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Date: Tue, 21 Aug 2012 16:42:15 +0200
From: Patrick Mylund Nielsen <>
Subject: Re: Arstechnica Password article (feat. Matt Weir)

You also can't really ask normal users to remember more than one secure
password, and expect that they not re-use it. (Just getting them to pick
one secure password is a challenge in itself; the xkcd troubador comic
aptly notes that security people have shot themselves in the foot by doling
out the wrong advice for years. Good luck getting them to write down secure
and unique passwords after that...)

For 95% of users, IMO, the only short-term hope is to make password
managers so seamless/easy to use that using randomly generated and
auto-filled passwords is preferable to typing them in manually. I think
Google Chrome does this fairly well, but it could be much more aggressive.
Even having to download and learn to use another application, or an
extension like LastPass, is a roadblock for many users. Of course, then you
just have to hope that the customer support department of whatever service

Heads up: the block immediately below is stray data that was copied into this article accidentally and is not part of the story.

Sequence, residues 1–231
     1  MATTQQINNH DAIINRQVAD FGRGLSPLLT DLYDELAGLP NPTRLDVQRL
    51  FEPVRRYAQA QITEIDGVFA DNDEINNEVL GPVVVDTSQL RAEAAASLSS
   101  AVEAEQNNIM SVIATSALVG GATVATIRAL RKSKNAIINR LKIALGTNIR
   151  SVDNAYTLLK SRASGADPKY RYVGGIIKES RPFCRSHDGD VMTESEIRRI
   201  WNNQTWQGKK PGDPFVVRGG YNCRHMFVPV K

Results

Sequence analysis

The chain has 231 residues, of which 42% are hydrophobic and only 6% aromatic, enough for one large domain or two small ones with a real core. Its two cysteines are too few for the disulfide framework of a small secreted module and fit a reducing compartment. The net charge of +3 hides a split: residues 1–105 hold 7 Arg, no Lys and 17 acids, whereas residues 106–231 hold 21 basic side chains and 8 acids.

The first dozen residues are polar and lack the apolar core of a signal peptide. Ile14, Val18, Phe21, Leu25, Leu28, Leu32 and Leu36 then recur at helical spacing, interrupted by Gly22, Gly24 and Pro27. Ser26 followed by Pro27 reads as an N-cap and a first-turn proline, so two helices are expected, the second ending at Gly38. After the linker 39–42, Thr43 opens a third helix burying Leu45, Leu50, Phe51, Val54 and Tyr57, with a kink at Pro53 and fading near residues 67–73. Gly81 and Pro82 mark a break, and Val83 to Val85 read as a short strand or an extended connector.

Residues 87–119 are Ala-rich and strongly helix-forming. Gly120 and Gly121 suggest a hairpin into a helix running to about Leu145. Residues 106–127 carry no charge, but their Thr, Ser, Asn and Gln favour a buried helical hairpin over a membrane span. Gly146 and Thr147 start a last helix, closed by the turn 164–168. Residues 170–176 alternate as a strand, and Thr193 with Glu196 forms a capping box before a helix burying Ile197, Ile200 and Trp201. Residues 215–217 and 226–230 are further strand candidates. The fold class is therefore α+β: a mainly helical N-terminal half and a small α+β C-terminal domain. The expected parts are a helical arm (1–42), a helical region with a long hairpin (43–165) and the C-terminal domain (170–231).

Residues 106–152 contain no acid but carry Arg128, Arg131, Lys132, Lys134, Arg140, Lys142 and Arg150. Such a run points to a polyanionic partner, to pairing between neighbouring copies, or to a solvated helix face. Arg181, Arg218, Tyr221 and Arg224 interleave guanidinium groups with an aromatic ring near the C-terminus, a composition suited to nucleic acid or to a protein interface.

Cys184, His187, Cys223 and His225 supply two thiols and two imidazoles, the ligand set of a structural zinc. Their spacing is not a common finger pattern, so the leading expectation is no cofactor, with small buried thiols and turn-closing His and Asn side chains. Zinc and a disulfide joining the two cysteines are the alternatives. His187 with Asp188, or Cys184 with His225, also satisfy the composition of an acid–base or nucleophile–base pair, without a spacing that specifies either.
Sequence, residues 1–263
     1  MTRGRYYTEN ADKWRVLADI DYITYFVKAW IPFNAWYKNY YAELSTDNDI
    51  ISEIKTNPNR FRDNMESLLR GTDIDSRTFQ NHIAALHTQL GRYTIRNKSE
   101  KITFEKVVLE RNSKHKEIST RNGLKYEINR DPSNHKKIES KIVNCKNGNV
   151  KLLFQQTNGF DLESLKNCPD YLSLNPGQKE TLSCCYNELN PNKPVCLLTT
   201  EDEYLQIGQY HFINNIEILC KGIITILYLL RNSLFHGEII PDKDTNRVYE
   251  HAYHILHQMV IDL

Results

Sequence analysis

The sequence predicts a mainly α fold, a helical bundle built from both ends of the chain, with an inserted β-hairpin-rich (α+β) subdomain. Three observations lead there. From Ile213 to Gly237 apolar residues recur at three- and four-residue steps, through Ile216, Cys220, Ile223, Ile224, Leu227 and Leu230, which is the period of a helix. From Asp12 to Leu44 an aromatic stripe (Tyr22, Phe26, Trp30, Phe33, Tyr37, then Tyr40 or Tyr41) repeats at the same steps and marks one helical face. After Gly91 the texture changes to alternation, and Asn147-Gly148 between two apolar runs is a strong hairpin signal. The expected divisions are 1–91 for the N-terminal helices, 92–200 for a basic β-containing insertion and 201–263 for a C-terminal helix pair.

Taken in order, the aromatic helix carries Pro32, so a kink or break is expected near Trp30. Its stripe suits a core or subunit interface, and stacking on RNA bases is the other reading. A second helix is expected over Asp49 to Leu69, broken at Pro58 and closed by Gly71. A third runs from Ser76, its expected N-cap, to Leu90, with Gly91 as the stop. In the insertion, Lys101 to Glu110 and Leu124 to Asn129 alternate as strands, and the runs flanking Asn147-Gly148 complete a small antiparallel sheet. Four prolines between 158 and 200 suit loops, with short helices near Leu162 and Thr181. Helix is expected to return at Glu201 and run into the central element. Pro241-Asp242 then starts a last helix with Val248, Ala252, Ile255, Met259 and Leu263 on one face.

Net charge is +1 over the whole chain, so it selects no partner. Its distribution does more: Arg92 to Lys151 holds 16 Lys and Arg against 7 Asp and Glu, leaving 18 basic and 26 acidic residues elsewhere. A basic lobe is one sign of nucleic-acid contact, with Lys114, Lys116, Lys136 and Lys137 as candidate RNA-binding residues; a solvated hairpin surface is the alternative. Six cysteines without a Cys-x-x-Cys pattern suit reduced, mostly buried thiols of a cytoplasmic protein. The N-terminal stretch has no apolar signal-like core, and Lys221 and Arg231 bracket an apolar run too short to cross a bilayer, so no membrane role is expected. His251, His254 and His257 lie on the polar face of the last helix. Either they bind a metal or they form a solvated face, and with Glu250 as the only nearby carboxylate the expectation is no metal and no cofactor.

provider manages your password blob or email account doesn't let anyone
bypass two-factor auth or reset the account password...

Long-term, maybe biometrics will become more ubiquitous, secure, and
supported. Very skeptical it will be soon, though. Most mainstream devices,
e.g. fingerprint readers, are still pretty much a joke, and few actually
have them.

On Tue, Aug 21, 2012 at 4:27 PM, Simon Marechal <>wrote:

> On 21/08/2012 16:17, Samuele Giovanni Tonon wrote:
> > And what about services like "last pass": aren't we just moving our
> > problems to the "simple one" of the relying entirely our security on one
> > single master password ? it's kind scary .
> Most people are already relying their entire security on one single
> master password : that of their main e-mail account. This is because of
> the password recovery options.

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